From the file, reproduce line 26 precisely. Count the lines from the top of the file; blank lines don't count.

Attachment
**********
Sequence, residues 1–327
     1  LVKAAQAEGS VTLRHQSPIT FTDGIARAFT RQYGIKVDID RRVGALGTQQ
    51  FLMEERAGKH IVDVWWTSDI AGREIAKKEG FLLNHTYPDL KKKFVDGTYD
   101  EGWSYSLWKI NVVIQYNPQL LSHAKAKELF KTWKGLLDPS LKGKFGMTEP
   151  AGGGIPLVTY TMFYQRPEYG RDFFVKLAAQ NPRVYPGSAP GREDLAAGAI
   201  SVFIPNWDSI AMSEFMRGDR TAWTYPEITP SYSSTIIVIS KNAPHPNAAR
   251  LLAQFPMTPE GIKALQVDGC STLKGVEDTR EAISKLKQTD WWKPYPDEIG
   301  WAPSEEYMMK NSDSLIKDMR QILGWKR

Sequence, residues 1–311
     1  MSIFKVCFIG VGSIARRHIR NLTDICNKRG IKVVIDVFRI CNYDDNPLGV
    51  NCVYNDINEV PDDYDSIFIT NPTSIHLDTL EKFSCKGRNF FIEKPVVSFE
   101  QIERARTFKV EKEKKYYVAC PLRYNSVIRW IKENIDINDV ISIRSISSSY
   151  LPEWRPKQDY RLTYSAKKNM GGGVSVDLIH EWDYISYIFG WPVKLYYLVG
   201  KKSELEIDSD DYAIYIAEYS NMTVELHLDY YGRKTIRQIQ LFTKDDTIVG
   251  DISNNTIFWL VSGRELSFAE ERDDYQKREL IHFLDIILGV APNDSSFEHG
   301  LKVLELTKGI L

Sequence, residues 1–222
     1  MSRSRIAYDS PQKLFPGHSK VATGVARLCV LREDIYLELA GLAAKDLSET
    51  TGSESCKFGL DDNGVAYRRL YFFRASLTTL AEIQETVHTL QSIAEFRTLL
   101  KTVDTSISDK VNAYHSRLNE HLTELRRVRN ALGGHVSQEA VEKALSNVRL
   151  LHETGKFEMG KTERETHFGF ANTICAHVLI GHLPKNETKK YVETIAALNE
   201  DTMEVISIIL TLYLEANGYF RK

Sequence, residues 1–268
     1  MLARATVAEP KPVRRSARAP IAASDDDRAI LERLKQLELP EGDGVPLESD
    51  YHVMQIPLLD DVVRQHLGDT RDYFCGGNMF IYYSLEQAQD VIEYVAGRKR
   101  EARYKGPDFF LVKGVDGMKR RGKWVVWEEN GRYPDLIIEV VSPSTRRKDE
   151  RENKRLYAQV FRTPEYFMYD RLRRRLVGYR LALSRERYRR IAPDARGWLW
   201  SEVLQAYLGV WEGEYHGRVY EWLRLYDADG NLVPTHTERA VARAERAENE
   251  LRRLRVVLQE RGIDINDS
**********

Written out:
   101  EARYKGPDFF LVKGVDGMKR RGKWVVWEEN GRYPDLIIEV VSPSTRRKDE